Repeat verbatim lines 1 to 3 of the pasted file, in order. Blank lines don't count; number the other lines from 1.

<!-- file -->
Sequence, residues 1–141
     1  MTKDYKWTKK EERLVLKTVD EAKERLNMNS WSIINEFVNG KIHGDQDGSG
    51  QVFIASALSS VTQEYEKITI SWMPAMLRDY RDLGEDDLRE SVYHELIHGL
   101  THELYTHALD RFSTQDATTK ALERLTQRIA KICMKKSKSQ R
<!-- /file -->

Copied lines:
Sequence, residues 1–141
     1  MTKDYKWTKK EERLVLKTVD EAKERLNMNS WSIINEFVNG KIHGDQDGSG
    51  QVFIASALSS VTQEYEKITI SWMPAMLRDY RDLGEDDLRE SVYHELIHGL